I would say there will be a safer way to provide an account to your customer. Think about your phone. No need to set it up and it works. So there won't be the problem of misconfiguration. So let's think about it a bit. I know SMS Token and calls are also not that safe, but it's a bit harder to get a SMS from another telephone redirected to the hackers phone. So why not using the phone number to send them a one time password which they use on a setup page and finish their registration? I would say this will be more secure then using e-mails.

Anyway if you want to use E-Mails i would not set the password for the user and send it to them. And I got some reasons to think about why you shouldn't do it that way and let them set the password on their own:

  • If you send a password some users might think you store them unhashed and you can see it so they won't trust you, even if it's not true.
  • Some users aren't changing the password and leave it like the sent one.
  • If the customer leave the password the original one and someone has access to the others E-Mail account or the senders E-Mails, he got his password.

For that reasons I would just send a link where they can create a password on their own.

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    I, for one, am very reluctant to give my telephone number to some website. It's a piece of personally identifiable information which is a far too reliable personal identifier and very easy to abuse for harassment or scamming when it falls into the wrong hands. If your service requires me to give you my phone number, then I am not going to use it. – Philipp Jun 24 at 10:35
  • @Philipp Yea I'm also doing it like that but if I want a service from a company I need to provide it normally. I think the problem is that we don't know which service the company is providing. If It's a social media Plattform I won't give them my number, but what if it's a hosting service and they need to contact me some day? And as he stated that they need Admins to set everything up it cannot be a normal service. – CD Rohling Jun 24 at 10:39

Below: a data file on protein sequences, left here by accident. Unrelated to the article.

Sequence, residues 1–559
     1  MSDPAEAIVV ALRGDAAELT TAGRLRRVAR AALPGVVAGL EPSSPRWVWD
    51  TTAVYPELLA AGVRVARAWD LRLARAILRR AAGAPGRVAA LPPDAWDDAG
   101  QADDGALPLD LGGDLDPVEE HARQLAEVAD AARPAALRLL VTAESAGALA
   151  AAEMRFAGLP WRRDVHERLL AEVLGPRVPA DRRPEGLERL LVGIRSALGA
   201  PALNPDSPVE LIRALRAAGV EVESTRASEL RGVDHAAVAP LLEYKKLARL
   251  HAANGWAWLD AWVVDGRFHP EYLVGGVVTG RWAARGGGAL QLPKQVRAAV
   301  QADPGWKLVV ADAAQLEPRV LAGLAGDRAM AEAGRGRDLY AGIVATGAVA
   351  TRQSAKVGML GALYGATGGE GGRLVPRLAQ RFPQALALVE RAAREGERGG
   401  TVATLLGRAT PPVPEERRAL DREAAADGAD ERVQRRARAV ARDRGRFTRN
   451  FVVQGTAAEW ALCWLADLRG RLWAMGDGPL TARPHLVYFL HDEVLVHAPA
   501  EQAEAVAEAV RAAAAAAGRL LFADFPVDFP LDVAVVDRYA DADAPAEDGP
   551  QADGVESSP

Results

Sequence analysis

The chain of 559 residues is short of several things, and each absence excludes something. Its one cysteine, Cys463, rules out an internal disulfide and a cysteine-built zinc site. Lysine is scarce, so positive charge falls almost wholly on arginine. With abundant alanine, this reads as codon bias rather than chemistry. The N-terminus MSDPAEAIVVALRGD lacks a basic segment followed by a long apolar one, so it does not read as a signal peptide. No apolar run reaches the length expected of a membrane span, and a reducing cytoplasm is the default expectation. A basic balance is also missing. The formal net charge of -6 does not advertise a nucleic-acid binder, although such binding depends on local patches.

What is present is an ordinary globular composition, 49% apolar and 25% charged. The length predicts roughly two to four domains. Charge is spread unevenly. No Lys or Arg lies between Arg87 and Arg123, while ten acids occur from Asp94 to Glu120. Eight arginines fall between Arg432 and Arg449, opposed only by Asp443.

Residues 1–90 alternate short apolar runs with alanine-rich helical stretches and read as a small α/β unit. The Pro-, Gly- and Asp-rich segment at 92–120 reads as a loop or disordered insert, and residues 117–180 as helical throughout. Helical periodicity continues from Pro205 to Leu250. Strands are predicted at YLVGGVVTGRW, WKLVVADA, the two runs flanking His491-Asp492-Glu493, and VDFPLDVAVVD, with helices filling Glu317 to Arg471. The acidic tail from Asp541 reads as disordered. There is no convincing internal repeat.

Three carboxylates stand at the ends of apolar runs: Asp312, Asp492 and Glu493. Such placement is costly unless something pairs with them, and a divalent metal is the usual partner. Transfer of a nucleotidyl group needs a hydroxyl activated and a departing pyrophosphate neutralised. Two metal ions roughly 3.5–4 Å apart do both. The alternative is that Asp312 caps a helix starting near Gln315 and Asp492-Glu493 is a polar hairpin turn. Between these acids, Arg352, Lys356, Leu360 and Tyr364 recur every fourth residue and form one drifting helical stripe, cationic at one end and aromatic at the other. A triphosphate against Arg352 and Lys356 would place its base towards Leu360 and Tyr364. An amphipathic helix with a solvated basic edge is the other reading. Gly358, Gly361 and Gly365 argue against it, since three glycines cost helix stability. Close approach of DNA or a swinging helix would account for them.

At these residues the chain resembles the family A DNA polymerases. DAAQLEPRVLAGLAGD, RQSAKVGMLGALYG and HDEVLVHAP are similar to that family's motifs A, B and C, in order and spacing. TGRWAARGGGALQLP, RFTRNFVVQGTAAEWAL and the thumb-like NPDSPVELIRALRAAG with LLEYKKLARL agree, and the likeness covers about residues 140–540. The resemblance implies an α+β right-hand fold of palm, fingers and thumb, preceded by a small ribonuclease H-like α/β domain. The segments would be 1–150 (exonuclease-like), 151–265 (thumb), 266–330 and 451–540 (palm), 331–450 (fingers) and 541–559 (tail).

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    I was working with several hosting companies and never did I talk to one over the phone. All communication with them is usually via email. The reason they are asking for a telephone number is because it's another piece of PII they can use to track you down if you don't pay your hosting bills. – Philipp Jun 24 at 10:46
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    @Philipp I understand your point of view but sometimes there is no other way. If you want a service you need to provide the number. Otherwise you can't get it from them. I think a normal customer will understand this and has no problem with this practice. Anayway, the question was how to deliver the password the safest way and that was my idea. If it's good or not he need to think about it for himself. But thank you for your input man! – CD Rohling Jun 24 at 10:50
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    I would concur that unless we know the particulars of the service, there is no reason to dismiss two factor authentication. Besides, being reluctant to submit phone information is a matter of trust more than information security as concerning this question – Gnudiff Jun 24 at 11:24
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The most widely used method is to send the user a link to create their own password.

If however that is impractical (E.G. because you haven't developed this part of the site yet) and still want to invite the user sitting next to you by giving them their first password manually, use a One-Time Secret.

There are lots of services out there, but https://onetimesecret.com is easy to remember.

Don't forget to tell them to notify you if someone else has already read their secret (E.G. The FSB or the NSA has already accessed their account) ;-)